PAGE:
About Hyderabad

Hyderabad - moving forward with new vision

Hyderabad is the capital of the southern state of Telangana which came into existence as 29th state of Indian Union in June 2014.

Before the bifurcation, Hyderabad, a twin city, was the capital of united Andhra Pradesh.

Spread over 922 sq. km along the banks of Musi River, the Deccan city has a population of 6.8 million (Metropolitan area: 7.75 million) thus making it the fourth most populous city in India.

With an average altitude of 542 metres (1,778 ft), much of Hyderabad is situated on hilly terrain around artificial lakes, including Hussain Sagar, north of the city centre.

Over the decades, Hyderabad has adopted itself well to its changing landscape and profile. From being the capital of the princely state of Hyderabad ruled by the Nizam dynasty (till the end of British Raj), the city has transformed into a high-tech hub for a range of software companies and an exploding metropolis offering a high quality life to its citizens.

Steeped in history

Emperor Muhammad Quli Qutb Shah formed the city of Hyderabad in 1591 CE. The region was under the control of Qutb Shah dynasty for nearly a century before the Mughals captured this territory.

In 1724, Mughal viceroy AsifJah I declared his sovereignty and created his own dynasty, known as the Nizams of Hyderabad. The Nizam's territory became a princely state during the British Raj, and remained so for 150 years, with the city serving as its capital.

The city remained as the capital of Hyderabad state after it was brought into the Indian Union in 1948. When the last Nizam was given an ultimatum to join the Indian Union by the Nehru government, the king refused and wanted to remain as a sovereign entity.

Indian Army marched into Hyderabad under Operation Polo and theprincely state has no other option but to join the Indian confederation. Later on, during the reorganisation of Indian states in 1956, Hyderabad became the capital of Andhra Pradesh which was formed by merging the Telugu speaking areas of Madras province and the erstwhile principle state of Hyderabad.

In 2014, the newly formed state of Telangana split from AndhraPradesh and the city became joint capital of the two states, a transitional arrangement scheduled to end by 2025.

Last remnants of Nizam culture

Many relics, monuments of Qutb Shahi and Nizam rule arescattered across Hyderabad with the Charminar - commissioned by Muhammad Quli Qutb Shah - coming to symbolise the city.

Golconda fort is another popular site that attracts tourists for its heritage value showcasing the royal legacy of Hyderabad.

Mughlai culture is evident in the city's distinctive cuisine which includes Hyderabadi biryani, haleem and other recipes that have direct influences from the Persian menus.

The Qutb Shahis and Nizams made Hyderabad a vibrant cultural spot by inviting men of letters, artistes and personalities from different parts of the world.

Hyderabad emerged as the foremost cultural centre in India withthe decline of the Mughal Empire in the mid-19th century with the artistes migrating to the city from the rest of the subcontinent....Read More

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Changing landscape, profile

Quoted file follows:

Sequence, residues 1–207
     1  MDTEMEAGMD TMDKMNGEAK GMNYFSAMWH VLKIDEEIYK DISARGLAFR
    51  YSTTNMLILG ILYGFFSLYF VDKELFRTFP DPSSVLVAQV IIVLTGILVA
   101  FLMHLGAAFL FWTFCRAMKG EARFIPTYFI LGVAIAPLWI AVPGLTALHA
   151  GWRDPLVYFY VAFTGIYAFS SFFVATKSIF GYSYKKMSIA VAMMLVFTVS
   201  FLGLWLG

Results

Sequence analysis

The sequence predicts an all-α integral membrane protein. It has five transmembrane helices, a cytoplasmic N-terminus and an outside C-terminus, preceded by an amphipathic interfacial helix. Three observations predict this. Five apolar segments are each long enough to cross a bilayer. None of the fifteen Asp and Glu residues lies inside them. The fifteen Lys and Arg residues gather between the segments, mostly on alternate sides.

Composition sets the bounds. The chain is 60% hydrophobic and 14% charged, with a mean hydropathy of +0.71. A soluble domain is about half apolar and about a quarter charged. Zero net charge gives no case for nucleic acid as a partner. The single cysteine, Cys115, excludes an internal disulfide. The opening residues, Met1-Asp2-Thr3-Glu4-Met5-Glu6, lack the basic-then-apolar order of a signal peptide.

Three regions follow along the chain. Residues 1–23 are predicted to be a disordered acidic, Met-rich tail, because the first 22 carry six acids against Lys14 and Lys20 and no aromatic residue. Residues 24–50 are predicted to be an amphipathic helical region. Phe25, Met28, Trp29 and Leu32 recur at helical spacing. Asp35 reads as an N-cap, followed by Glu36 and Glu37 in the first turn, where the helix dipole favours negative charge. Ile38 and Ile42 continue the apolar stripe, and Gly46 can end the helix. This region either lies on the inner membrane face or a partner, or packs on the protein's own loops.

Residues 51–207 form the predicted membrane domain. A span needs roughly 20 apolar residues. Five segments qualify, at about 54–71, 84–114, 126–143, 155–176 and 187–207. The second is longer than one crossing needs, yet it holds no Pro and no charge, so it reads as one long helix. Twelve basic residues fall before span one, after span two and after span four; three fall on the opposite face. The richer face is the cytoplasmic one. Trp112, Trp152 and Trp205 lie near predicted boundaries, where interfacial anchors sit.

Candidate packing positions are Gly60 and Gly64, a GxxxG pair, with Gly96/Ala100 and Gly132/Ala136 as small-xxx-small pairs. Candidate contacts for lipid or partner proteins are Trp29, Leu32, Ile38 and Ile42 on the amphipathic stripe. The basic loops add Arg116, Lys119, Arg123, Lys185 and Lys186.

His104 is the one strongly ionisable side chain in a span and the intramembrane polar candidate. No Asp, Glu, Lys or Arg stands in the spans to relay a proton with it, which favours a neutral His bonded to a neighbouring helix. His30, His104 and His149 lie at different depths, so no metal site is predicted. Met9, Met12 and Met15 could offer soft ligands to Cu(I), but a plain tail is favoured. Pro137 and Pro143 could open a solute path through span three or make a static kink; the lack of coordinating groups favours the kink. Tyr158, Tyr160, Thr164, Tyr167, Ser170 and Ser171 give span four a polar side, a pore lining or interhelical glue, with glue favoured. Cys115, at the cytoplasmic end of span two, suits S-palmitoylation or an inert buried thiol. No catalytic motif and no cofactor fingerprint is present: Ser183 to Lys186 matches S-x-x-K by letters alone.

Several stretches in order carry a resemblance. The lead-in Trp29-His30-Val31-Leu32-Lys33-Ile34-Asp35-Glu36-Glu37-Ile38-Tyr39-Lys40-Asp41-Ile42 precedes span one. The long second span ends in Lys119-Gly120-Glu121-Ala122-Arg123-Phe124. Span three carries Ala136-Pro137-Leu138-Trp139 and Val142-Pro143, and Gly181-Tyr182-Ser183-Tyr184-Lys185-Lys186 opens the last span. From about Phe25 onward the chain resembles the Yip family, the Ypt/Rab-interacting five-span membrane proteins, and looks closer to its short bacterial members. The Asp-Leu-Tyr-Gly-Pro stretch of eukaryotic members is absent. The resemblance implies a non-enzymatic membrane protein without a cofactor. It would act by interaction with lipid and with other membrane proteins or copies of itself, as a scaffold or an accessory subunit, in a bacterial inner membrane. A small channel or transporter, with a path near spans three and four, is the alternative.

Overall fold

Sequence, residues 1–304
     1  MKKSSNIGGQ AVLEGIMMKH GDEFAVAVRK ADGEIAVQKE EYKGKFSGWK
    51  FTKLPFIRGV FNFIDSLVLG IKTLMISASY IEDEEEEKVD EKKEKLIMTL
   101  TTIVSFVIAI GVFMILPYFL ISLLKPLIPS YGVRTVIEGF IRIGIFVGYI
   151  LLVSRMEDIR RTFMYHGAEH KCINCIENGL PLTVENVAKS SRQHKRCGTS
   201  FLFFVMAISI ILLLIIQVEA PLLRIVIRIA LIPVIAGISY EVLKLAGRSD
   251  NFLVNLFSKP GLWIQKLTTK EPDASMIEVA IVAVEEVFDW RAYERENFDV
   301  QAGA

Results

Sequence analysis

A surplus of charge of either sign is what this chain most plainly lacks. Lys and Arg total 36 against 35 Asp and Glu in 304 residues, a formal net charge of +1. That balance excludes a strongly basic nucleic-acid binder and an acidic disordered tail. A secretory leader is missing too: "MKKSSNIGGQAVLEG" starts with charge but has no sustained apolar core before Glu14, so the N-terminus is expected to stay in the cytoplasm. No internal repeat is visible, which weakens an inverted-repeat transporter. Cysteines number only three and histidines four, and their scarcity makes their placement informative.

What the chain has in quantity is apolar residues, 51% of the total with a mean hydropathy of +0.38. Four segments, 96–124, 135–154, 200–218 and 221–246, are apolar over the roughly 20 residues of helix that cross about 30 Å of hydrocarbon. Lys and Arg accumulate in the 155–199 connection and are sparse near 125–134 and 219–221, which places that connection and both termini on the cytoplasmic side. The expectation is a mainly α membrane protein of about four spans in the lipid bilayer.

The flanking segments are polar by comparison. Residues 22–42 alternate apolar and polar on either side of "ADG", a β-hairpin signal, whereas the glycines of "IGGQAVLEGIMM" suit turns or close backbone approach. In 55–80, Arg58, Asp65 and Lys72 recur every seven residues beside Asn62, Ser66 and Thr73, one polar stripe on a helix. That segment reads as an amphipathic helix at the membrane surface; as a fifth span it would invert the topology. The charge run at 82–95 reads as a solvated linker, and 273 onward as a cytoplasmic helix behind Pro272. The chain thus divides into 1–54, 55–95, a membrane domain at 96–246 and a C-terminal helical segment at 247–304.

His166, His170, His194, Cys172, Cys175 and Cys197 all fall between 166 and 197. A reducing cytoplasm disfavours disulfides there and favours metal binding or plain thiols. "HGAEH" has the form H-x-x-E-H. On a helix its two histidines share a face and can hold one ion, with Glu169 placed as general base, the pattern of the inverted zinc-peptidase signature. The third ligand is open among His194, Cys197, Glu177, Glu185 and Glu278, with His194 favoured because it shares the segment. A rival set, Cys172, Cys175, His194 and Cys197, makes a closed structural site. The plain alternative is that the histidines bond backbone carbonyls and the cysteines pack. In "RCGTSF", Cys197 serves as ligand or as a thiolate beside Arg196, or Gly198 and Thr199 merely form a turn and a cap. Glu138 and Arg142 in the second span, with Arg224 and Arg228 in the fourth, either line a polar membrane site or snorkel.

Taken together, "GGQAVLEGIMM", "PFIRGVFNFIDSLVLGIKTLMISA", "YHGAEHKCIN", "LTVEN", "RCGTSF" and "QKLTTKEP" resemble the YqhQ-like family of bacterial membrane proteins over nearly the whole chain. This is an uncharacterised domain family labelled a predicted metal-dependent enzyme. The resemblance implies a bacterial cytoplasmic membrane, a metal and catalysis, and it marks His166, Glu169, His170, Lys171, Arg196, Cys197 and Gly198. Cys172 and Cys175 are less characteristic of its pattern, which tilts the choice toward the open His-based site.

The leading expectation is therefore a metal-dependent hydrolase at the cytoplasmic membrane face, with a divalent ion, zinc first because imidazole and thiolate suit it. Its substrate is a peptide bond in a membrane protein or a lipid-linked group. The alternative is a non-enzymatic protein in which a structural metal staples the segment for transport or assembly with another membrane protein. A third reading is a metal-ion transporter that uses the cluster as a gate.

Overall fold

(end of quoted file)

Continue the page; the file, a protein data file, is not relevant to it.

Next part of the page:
Hyderabad was historically known as a pearl and diamond trading centre and it continues to be called as Pearl City.

Many of the city's traditional markets including Laad Bazaar, Begum Bazaar and Sultan Bazaar are still doing brisk business by supplying a range of edible and utility items to the local populace.

However, industrialisation in the latter half of 20th century attracted a number of top corporates, manufacturers, R & D units, financial institutions and IT majors to set up operations in Hyderabad.

This rapid industrial growth had altered its landscape in tune with modern expectations of the people. Special economic zones (SEZs) dedicated to the IT sector have encouraged companies from all over the world to set up operations and the emergence of pharmaceutical and biotechnology firms in the 1990s led to the city being named as India's "Genome Valley". With a total income of $74 billion, Hyderabad is the fifth-largest contributor to India's overall GDP.

Best city to live in India: Study

As another jewel in its enviable crown, the Pearl City emerged as the number one city in India in terms of offering quality living standards, according to Mercer's survey of major cities of the world.

The study titled 'Quality of Living Report 2015', ranked Hyderabad 138th in the global list of cities ahead of Pune (145th) to the top spot in India.

While India's IT hub Bengaluru (146th), Chennai (151st), commercial capital Mumbai (152nd) and India's political capital New Delhi (154th) were ranked much below Hyderabad in the Mercer's study.

Hyderabad emerged as a city of choice due to factors such as improved options for international schools and a host of public services being offered to the skilled workforce settled in the city.

Moreover, the Rajiv Gandhi International Airport is located 22 km from the city and offers a good range of international flights which had improves its ranking on global parameters.

Ramoji Film City

A mammoth film production centre housing an integrated set of studios, computer labs and theatres has been the nerve centre of filmmaking in South India since 2000.

Spread over 2,000 acres, Ramoji Film City is the creation of producer Ramoji Rao who started this film studio complex in 1996 to facilitate the motion picture industry.

In fact, Tollywood, as the Telugu film world is called, is the second largest industry after Bollywood. Most of the production works of South Indian films are done at the integrated complex in Ramoji Film City.